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Business leaders urged to back new tax laws


Downtown business leaders were urged today to support proposals to revamp Maryland's tax laws by Robert Linowes, chairman of the Maryland Commission on State Taxes and Tax Structure.

Linowes heads the commission, which last month issued a report that called for major increases in state taxes, a fairer tax structure and increased revenues for education and transportation.

Linowes spoke this morning at the Sheraton Inner Harbor Hotel before the Downtown Partnership of Baltimore, a non-profit corporation created to promote the downtown area.

The report proposes increasing the income tax rate, forcing local governments to reduce property tax rates, instituting a 2 percent annual tax on cars and boats, and raising the sales tax rate to 5.5 percent from the current 5 percent. The report also recommends increasing corporate taxes from 7 percent to 7.5 percent, and taxing two dozen services, ranging from dry cleaning to lawn care.

Linowes told the businessmen the changes "are fair, they are equitable, they are just and they are right."

Two-thirds of Maryland taxpayers would actually see a tax decrease, he said. Of the new revenue generated by the taxes, 41 percent would go to education, 23 percent for local transportation, 13 percent for state transportation and 12 percent to assist the state's 12 poorest districts.

The Linowes commission worked three years on preparing its report, but its chairman said the difficult task still lies ahead in convincing legislators to enact its proposals. He and other commission members now are traveling throughout the state speaking to business leaders, educators and community organizations and urging them to support the plan.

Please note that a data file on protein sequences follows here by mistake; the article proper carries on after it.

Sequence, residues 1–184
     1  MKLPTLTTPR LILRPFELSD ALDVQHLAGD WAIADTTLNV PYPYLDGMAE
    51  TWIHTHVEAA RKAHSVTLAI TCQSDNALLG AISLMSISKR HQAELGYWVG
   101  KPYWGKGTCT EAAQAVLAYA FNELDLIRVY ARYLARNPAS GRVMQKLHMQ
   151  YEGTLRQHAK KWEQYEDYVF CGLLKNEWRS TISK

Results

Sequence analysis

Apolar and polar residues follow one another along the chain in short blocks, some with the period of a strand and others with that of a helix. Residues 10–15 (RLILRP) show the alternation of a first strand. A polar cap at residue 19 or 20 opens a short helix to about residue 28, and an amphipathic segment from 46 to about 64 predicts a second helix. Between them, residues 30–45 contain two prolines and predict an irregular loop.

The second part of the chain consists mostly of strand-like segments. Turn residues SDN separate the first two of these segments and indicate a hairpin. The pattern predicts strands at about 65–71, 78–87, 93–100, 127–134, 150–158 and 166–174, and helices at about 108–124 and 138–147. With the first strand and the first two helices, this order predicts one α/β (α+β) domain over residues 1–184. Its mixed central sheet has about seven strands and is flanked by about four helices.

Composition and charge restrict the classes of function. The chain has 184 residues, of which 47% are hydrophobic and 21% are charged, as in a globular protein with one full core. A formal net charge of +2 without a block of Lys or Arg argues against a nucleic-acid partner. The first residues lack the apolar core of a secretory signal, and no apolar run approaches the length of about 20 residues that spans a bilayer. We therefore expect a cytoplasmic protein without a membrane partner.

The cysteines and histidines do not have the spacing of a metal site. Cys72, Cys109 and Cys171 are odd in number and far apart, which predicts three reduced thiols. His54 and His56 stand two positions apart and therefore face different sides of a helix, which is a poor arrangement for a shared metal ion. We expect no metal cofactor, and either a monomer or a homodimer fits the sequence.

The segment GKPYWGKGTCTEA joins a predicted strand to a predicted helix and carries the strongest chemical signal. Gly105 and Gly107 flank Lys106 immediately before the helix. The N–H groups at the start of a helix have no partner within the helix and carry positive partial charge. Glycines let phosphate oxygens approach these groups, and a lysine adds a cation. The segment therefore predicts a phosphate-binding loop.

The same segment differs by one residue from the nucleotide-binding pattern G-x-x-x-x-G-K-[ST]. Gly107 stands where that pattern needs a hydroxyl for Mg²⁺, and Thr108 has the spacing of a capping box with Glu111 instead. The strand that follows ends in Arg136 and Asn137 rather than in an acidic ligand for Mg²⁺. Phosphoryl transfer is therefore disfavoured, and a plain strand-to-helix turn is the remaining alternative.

So far, the business community has reacted cautiously. The Maryland Chamber of Commerce appointed a committee to research the report and has yet to take a position on it.

The Maryland Retail Merchants Association also is waiting to learn more about the report, but Tom Saquella, executive director of the association, said merchants have concerns about the plan.

Saquella today said retailers are worried about the proposed half-cent increase in the sales tax coming at a time when consumers already are reluctant to buy. He said they also are concerned that a proposed tax on telecommunications might have an adverse impact on telemarketing. And the group opposes dedicating any tax toward one budget area, such as education, because it fears a designated tax would make businesses targets for future tax increases.

"We definitely are concerned," Saquella said. "A lot of our concerns have to do with the timing of it."

But in Baltimore, which stands to gain an additional $83 million, officials are praising the report. Mayor Kurt L. Schmoke, who also addressed the business leaders today, urged them to support the plan.

Laurie Schwartz, executive director of the Downtown Partnership, said the extra revenue would help city businesses. "Disparities between Baltimore City's needs and the city's resources work to the detriment of the city and the businesses within the city," she said.

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